In the footsteps of her Guru in the Department of Dance

In the footsteps of her Guru in the Department of Dance
Highlights

Hyderabadbased dancer hailing from Kerala, Sneha Sasikumar is a young talented artist, an exponent of Kuchipudi dance with a performing career spanning over 10 years She is also the Research Scholar in the Department of Dance, SN School of Arts and Communication, University of Hyderabad

Hyderabad-based dancer hailing from Kerala, Sneha Sasikumar is a young talented artist, an exponent of Kuchipudi dance with a performing career spanning over 10 years. She is also the Research Scholar in the Department of Dance, SN School of Arts and Communication, University of Hyderabad. She recently presented conceptual theme “Sringaarasamanvayam” at the India International Centre New Delhi upon invite. The production had six independent pieces dealing with the six Sringara bhavas in Kuchipudi. She says, “The audience responses were so heart-warming; they all loved the performance and appreciated the new choreographies.”

Sneha like classical dance since her childhood. She says, “I started learning dance at the age of 4 under Guru Prakash and Kalamandalam Rama learning different art forms like Bharatanatyam, Kuchipudi, Mohiniyattam and Kathakali at a very tender age. I was a state winner of the youth festivals held in Kerala. Later at the age of 12, I understood that Kuchipudi was my forte. And My parents and I started to enquire about Padmabhushan Guru Vempati China Sathyam and his Kuchipudi Art Academy in Chennai.”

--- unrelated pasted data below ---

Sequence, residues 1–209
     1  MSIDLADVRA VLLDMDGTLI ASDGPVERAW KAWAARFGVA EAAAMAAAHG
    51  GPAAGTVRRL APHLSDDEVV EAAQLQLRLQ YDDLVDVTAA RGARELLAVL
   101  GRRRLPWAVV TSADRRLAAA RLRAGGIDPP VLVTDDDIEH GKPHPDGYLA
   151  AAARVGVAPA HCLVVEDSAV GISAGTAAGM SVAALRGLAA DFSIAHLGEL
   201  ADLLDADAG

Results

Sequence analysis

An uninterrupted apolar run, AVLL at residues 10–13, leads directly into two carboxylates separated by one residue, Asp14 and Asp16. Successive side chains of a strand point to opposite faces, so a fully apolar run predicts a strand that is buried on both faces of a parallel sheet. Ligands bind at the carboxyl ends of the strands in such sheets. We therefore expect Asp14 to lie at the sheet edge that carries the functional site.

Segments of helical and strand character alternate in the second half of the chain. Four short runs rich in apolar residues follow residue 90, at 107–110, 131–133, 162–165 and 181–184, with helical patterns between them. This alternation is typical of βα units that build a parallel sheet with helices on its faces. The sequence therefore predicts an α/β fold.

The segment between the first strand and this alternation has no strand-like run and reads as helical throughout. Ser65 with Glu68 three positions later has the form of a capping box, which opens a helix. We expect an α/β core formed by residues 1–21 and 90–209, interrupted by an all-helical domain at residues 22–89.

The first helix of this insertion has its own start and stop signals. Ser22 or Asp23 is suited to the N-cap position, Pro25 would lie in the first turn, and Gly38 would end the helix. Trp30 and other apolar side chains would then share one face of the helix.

She says it was not an easy task for her, “As Academy followed a Gurukula system of education where we must cook our own food, sleep on a mat etc it was initially very challenging to the 12-year-old me. And the most depressing thing was that I had to unlearn whatever I learnt until then in the name of Kuchipudi from Kerala. The hectic and heavy practise session made me week as well. We had to practice for 8-10 hours a day. Still, I struggled and continued there. My Guru Vempati Ravi Shankar and Vedanta Ramu trained me in such a way that those practise sessions were a turning point in my life and career. But, after 2010, I couldn’t go that frequently to the Academy. My Guru suggested me to continue under Guru Anupama Mohan in Kerala for the time being. Later, I went back to train under Guru Vempati Ravi Shankar till his demise in 2017.”

How did you balance studies and dance? She says, “With the help of my parents, friends and teachers I could manage really well. I got 96% in my 12th grade and graduated with 96% in Chemistry. I did my post-graduation at the University of Hyderabad in performing arts and was top scorer in the Kuchipudi stream. After clearing the UGC NET and qualifying for Assistant Professorship I am doing my PhD under Prof Aruna Bhikshu at the University with JRF (Junior Research Fellowship) from UGC.” She adds, “Kuchipudi is more graceful, fluid and it has more of natural abhinaya (lokadharmi) when compared to Bharatanatyam or Mohiniyattam. And I feel my body compliments The Kuchipudi movements more than other art forms.” Guru Vempati Ravi Shankar has always been her inspiration, she says, “I always strive to maintain the genre of Kuchipudi and the style of Guru Vempati Ravi Shankar even when trying new themes and productions.”

BY Askari Jaffer

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